“You lived!” the other, a man, spoke, and stepped from shadow into the moonlight. He was about Jennifer age — maybe a couple of years one way or the other — and untidy, but there was a hint of something strange in his eyes, and an unmistakable tone of joy in his voice. “Another one. How long… how long have you been a storm… stormrider.”

“My story's not that simple. I… Were you the storm?”

“No — but I was up there — something hurt me and I kicked back, burned out the storm — landed here, to see what happened. You?”

“I called the lightning to destroy a body. My own body, the one I used before I grew this one. It's one of the problems of being an immortal.”

Did he believe her? Jennifer could not tell. His story was reasonable, explaining the lightning colours in his aura. She felt very vulnerable — with the skull still surviving, to be identified, she was still legally dead, and likely to be accused of her own murder to boot.

“I oughtn't believe you,” he said after a short pause, “but your story is as crazy as mine. And I'd sure like a try at your immortality. I'm Craig Allen. Care for hot drink?#8221;

“Will do. Just let me get dressed again.”


Coffee was welcome after that ordeal, its effect more psychological than actual, as it warmed hands and body. Indeed the room was hotter than usual, the fire on to dry Jennifer's clothes, while she sat deep in an armchair, wrapped in a heavy dressing-gown, and she revelled in the warmth like a cat


This is a late fragment, but I'm not sure where this was going. If it weren't for the last paragraph, it might stand alone as a vignette. Like the last story was Don't Fear the Reaper, this one was a later BÖC track, I am the Storm, but that was about as far as it took me. And this gives a terminus post quem of around 1980.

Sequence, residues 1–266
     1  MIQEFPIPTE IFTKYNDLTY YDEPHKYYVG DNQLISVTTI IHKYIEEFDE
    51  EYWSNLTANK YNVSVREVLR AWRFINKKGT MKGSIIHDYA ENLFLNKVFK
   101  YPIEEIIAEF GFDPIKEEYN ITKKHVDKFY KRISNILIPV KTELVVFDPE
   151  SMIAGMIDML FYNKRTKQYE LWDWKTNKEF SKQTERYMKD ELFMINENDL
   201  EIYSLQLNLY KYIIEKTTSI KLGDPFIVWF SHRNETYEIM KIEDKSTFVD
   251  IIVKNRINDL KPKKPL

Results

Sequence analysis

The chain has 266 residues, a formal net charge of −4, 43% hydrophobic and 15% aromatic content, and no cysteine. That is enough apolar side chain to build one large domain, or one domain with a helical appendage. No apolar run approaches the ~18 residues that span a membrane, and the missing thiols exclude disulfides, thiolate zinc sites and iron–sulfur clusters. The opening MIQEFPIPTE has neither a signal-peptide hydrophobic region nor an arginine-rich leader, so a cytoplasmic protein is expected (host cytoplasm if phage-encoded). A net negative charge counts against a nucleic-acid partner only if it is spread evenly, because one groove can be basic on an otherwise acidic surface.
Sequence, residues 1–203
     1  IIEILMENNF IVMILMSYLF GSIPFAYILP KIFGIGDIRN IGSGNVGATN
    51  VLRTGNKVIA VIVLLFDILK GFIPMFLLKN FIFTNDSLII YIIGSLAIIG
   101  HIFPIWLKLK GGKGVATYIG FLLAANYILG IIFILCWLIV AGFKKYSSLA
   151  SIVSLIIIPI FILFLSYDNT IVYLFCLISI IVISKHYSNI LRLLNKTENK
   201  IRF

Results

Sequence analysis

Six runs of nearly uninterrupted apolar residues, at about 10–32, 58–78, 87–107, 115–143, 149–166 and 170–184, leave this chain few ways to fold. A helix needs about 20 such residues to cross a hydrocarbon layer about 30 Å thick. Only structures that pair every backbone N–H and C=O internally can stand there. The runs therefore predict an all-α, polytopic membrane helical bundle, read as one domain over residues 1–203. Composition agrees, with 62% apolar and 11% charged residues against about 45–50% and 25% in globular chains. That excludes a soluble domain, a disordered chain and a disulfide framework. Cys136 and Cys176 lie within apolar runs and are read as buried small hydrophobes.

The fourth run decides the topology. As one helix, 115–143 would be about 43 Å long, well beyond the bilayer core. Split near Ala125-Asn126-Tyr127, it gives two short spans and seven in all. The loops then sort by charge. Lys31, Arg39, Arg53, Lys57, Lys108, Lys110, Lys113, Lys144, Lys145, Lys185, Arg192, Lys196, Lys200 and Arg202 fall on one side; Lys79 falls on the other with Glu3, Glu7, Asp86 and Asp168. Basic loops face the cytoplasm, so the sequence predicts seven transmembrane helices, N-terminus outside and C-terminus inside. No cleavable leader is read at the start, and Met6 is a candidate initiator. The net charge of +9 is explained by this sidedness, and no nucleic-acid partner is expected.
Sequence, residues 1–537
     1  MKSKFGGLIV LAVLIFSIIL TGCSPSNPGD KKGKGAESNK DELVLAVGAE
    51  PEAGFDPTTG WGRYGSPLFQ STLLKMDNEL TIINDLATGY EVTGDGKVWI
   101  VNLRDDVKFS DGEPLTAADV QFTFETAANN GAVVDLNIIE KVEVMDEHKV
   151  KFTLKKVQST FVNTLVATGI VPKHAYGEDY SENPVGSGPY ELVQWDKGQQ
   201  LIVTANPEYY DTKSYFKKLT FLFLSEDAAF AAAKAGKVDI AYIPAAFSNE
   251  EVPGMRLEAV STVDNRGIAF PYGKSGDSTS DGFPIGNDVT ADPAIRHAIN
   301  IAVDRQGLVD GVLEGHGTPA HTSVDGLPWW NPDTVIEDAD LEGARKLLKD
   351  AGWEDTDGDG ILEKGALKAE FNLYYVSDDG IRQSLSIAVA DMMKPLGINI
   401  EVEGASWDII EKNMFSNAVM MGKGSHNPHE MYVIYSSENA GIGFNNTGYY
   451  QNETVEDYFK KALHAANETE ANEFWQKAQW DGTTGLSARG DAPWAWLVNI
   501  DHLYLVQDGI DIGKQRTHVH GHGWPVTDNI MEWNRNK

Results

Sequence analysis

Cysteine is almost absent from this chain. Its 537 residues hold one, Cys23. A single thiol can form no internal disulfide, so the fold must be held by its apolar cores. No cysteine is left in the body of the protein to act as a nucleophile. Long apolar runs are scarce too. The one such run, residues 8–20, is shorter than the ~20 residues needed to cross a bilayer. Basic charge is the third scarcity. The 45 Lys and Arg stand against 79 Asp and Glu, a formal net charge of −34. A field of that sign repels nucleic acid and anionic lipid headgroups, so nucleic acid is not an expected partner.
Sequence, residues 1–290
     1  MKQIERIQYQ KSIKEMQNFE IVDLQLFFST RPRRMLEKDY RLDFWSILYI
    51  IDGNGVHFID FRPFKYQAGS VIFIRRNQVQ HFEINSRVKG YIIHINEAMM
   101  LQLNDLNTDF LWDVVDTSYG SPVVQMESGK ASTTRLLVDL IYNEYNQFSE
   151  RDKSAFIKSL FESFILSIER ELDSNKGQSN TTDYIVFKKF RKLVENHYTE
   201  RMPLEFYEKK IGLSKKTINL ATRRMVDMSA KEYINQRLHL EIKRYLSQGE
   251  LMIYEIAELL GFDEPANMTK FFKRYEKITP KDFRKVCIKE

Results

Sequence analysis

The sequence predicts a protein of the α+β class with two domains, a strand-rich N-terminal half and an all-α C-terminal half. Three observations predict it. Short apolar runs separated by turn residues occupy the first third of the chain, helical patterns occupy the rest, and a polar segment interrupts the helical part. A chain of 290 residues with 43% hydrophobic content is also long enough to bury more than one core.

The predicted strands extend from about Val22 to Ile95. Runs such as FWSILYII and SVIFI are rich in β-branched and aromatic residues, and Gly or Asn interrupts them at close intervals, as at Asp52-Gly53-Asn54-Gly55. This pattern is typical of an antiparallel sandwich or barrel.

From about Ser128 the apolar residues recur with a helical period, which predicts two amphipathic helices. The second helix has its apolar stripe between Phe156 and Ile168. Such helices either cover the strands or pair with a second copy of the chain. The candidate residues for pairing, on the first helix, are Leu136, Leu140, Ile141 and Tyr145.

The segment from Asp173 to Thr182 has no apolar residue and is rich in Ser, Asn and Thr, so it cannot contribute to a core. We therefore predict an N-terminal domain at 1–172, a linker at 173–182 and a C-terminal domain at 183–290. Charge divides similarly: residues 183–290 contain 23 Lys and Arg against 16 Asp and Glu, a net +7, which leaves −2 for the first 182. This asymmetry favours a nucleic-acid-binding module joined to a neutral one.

By the mid 80s, I had a very rough outline for the next real episode, Millenium Night.

After going abroad for most of the 90s, to avoid the ever more repressive Tory government, she would return in summer '99, maybe nine months after the election, at last, of an Alliance (Liberal/SDP) government, the sort of left-wing social-justice type of government we're still waiting for (after all Blair is markedly to the right of Ted Heath, the Tory PM of the early 70s). This return would be in order to see the eclipse in Cornwall, and would involve a side-trip to Tintagel, where something occult and Arthurian would take place, leaving her in possession of Excalibur.

Fast forward to late December '99. She drives in her electric car from Dover (having taken the Chunnel) A2, M25, M11, along roads barely ploughed clear of deep snow (remember, we were being promised an Ice Age just around the corner during the 70s; and we now might get such weather as the Gulf Stream and North Atlantic Convergence falter), under massed sodium lights and an angry red sky. While people are partying like it's 1999, all sorts of mystic shit hits the fan — Jack o'the Greens, fey folk, dryads, chalk figures — and Jennifer has to do something involving Excalibur and the Rex Futurus. The fact that the the man second in line for the throne is William Arthur Phillip Louis of the House of Windsor might have been significant.

Alas, there are not enough details to tell this tale (what happens at Tintagel, the nature of the Y2K crisis); and the fact that it is in a significantly diverged time-line doesn't help

The idea then was to skip further and further into deep time, possibly into the Nancy Wolf future history, and beyond into the truly weird. But I never got as far as getting anywhere near being caught into the trap of trying to describe the Transcend/Singularity.

How does the cosmos work with devils and such? — as well as the DC/Vertigo setting does. I could say that in some fashion they are imprints in the Dust (as in Egan's Permutation City) who can interact with us, as the folk of the city could with the Autoverse; and that in Deep Time, downloading into the Dust would be the way out of the heat death of the positronium era and beyond.


© Steve Gilham 2000
© Mr. Tines 2000


Phoenix & Ashes